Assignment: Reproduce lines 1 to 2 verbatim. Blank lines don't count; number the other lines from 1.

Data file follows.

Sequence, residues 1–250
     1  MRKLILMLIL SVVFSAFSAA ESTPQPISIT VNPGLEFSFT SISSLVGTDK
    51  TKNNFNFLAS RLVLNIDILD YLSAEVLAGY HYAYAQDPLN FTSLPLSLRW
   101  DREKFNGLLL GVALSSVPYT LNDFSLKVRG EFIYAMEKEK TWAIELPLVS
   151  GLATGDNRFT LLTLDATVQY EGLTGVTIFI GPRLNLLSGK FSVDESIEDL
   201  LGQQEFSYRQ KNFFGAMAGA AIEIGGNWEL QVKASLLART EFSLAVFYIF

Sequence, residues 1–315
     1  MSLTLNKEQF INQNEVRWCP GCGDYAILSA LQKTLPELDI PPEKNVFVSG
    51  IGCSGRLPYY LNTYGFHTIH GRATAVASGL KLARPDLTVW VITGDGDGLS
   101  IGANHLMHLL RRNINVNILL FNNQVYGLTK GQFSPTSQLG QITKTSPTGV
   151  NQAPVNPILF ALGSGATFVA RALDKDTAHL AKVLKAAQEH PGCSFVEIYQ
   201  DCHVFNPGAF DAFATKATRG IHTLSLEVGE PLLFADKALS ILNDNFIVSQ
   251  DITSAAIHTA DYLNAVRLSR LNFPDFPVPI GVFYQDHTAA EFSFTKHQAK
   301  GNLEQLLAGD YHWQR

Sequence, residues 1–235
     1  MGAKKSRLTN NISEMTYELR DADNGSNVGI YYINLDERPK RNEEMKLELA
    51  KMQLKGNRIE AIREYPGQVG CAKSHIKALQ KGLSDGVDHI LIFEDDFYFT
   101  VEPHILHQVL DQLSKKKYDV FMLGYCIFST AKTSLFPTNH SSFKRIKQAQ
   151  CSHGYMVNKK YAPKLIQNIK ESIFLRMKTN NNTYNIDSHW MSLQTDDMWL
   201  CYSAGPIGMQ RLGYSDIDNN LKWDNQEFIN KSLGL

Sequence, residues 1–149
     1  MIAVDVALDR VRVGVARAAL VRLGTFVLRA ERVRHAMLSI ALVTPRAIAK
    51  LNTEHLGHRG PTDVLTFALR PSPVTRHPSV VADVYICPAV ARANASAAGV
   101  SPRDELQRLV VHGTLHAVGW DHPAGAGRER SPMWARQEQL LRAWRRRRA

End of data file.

Sequence, residues 1–250
     1  MRKLILMLIL SVVFSAFSAA ESTPQPISIT VNPGLEFSFT SISSLVGTDK